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Computation of ‘net profits’ for Managerial Remuneration – Has this provision outlived its utility

Introduction

Section 198 of the Companies Act, 2013 (‘2013 Act’), prescribes a special method for computation of ‘net profits’ of a company in a financial year — which has different rules for arriving at net profit than the one prescribed under Accounting Standards.

The special methodology for computation of net profits prescribed under Section 198 is used for two purposes – (i) for determining managerial remuneration under Section 197 and Schedule V; and (ii) for determining the minimum CSR amount to be spent by the company in a financial year, under Section 135(5) of the 2013 Act.
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Serious Fraud Investigation Office – Keeping a close watch on frauds in India Inc

The Serious Fraud Investigation Office (‘SFIO’) is an organisation established under the aegis of the Ministry of Corporate Affairs (‘MCA’) – for investigation and prosecution of white-collar crimes. The SFIO was constituted in July 2003 following the recommendations of the Naresh Chandra Committee. In 2002, the Naresh Chandra Committee had recommended setting up a ‘Corporate Serious Fraud Office’, to uncover corporate fraud, and supervise prosecutions under various economic legislations.
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The PMLA – is the net cast too wide

The Prevention of Money Laundering Act, 2002 (‘PMLA’) has undergone multiple amendments after it was brought into operation on July 1, 2005. Most recently, the PMLA was amended through the –

  • Finance Act, 2015 (‘2015 Amendment’)
  • Finance Act, 2018 (‘2018 Amendment’)
  • Finance Act, 2019 (‘2019 Amendment’)

These amendments aimed to plug loopholes in the operation of the PMLA – to strengthen the framework for tackling money laundering. In furtherance of this objective, the 2019 Amendment has clarified the definition of “proceeds of crime” under Section 2(1)(u). Amendments were also made to Section 45, following the Supreme Court’s decision in the Nikesh Tarachand Shah[1] case – which struck down the pre-conditions for bail prescribed under Section 45(1). Over the years, the list of “scheduled offences” under Schedule I of the PMLA has also been amended significantly. Another aspect that arises in many PMLA proceedings is the admissibility of statements made to investigating officers.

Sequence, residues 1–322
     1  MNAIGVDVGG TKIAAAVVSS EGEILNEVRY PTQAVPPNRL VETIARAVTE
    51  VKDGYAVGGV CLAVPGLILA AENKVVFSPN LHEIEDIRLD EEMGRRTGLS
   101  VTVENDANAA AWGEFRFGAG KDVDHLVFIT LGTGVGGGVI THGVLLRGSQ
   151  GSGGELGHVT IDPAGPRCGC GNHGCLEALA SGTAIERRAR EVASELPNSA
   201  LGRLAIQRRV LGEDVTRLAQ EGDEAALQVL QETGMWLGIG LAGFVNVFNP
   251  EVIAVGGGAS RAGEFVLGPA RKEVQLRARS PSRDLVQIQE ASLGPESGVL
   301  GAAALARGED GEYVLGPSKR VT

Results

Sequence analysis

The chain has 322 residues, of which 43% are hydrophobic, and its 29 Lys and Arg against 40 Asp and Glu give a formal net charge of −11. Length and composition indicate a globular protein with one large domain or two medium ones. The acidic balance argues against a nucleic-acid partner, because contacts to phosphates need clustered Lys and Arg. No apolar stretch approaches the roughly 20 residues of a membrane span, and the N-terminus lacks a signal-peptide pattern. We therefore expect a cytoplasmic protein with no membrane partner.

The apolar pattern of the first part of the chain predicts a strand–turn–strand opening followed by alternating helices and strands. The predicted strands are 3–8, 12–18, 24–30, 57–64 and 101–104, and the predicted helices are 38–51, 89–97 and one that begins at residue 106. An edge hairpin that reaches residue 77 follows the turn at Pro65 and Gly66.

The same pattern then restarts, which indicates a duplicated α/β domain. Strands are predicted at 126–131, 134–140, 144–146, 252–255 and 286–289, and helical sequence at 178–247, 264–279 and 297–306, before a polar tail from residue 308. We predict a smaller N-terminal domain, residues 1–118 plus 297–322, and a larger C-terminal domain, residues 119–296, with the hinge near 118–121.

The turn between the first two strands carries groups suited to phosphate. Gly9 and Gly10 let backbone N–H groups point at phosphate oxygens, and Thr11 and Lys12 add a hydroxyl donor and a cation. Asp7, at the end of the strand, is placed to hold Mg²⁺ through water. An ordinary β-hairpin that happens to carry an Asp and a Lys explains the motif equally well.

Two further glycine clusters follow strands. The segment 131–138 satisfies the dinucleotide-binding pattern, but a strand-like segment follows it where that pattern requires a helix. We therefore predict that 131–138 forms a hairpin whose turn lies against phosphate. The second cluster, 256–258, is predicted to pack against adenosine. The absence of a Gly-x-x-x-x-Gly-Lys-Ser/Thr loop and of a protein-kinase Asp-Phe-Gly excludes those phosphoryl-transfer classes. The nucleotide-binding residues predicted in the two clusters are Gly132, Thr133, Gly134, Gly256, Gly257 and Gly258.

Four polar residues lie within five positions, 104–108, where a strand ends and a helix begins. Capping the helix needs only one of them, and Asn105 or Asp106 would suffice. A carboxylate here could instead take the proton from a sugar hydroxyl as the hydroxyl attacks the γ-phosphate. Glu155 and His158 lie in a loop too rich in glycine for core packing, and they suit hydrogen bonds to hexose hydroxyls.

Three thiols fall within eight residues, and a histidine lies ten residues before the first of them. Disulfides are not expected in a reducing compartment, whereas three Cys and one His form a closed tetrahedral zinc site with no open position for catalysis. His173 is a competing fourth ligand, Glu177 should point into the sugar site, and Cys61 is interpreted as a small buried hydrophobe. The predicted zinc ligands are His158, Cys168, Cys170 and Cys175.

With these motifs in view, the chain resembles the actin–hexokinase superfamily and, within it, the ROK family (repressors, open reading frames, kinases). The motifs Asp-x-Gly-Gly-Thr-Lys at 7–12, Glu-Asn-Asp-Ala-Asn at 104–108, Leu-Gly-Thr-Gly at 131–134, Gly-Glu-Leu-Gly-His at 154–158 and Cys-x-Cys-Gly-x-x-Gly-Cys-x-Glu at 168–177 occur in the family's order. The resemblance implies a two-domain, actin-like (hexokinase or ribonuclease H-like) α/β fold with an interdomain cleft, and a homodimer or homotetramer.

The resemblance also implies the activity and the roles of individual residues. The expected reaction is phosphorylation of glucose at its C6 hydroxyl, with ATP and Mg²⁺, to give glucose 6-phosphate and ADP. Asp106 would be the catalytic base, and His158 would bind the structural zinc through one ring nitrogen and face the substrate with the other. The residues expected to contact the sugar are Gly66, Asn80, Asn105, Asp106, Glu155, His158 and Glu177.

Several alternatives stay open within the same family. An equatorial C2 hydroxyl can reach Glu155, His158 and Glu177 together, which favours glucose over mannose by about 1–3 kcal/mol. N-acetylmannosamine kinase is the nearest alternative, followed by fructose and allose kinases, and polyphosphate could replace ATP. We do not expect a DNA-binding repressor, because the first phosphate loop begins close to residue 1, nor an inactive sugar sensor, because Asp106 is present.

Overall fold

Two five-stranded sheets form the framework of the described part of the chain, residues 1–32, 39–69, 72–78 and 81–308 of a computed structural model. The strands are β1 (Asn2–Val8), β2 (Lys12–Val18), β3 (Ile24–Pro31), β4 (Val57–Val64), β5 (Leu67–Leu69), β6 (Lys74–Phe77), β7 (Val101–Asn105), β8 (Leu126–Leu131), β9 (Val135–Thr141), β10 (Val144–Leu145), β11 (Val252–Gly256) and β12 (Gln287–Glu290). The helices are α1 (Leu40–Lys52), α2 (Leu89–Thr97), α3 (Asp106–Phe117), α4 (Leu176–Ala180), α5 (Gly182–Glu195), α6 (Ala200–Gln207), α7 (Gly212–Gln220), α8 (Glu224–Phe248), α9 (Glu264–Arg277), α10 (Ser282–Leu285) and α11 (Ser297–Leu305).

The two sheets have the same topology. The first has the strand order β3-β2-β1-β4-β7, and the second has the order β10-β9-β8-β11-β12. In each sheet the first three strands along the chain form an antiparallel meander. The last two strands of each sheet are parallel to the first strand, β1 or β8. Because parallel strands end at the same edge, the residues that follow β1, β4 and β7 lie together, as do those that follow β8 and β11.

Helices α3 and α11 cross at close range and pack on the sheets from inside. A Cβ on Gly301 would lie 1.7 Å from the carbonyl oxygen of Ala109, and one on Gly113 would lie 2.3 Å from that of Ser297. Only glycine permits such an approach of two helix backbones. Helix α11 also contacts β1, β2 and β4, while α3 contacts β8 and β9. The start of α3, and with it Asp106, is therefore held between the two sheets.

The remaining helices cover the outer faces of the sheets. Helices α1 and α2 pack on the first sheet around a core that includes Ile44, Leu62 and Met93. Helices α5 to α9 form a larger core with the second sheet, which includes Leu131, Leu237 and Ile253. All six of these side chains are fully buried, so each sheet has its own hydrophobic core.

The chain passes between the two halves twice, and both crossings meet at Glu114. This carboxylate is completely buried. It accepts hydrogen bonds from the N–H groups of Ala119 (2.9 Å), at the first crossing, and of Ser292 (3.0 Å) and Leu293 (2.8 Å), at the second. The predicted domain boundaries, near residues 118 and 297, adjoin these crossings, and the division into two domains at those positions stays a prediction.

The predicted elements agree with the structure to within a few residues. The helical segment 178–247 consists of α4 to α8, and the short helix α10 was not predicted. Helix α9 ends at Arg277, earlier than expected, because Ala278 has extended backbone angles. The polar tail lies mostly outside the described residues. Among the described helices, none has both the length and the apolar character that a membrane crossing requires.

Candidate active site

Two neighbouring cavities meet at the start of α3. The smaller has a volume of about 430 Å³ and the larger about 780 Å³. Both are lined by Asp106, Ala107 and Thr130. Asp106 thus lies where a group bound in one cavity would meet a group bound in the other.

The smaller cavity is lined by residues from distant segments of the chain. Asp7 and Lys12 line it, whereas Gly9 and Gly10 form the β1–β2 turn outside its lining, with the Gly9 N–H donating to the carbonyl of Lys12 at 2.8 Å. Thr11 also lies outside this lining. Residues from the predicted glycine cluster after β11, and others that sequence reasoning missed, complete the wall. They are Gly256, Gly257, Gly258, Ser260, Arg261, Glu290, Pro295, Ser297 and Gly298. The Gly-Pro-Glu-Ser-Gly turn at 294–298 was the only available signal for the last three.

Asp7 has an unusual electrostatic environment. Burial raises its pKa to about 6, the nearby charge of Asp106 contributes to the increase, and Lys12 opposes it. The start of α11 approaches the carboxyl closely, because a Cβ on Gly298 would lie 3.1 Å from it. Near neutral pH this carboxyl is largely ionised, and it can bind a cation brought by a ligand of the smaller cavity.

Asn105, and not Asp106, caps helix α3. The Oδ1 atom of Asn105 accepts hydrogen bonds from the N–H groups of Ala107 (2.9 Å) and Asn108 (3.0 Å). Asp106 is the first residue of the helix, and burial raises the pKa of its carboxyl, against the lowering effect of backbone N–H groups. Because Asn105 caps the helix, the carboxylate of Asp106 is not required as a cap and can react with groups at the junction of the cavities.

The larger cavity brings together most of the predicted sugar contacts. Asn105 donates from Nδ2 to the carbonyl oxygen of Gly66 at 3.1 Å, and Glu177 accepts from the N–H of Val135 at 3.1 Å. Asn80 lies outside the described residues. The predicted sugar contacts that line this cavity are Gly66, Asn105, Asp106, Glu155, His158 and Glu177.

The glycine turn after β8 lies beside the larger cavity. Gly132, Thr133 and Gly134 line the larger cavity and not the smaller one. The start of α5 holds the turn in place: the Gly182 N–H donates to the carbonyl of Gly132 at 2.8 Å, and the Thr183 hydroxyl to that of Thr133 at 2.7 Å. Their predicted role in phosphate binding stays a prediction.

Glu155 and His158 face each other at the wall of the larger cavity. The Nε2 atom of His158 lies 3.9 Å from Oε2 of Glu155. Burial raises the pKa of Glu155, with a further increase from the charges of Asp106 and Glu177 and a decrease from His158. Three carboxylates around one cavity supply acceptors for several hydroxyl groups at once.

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SEBI Changes to Scheme Circular - Is it a case of over-prescription

SEBI has been continuously streamlining the regulatory architecture governing schemes of arrangements under Sections 230-232 of the Companies Act, 2013 (“Companies Act”) and Regulations 11, 37 and 94 of the Securities and Exchange Board of India (Listing Obligations and Disclosure Requirements) Regulations, 2015 (“LODR”) involving listed companies with the introduction of the SEBI Circular dated March 17, 2017 (“SEBI Scheme Circular”). SEBI vide its Circular dated November 3, 2020 (“Amendment Circular”), has introduced further changes to the SEBI Scheme Circular. The Amendment Circular is brought into effect for all schemes of arrangement submitted to the Stock Exchanges on or after November 17, 2020. Changes introduced under the Amendment Circular are as follows: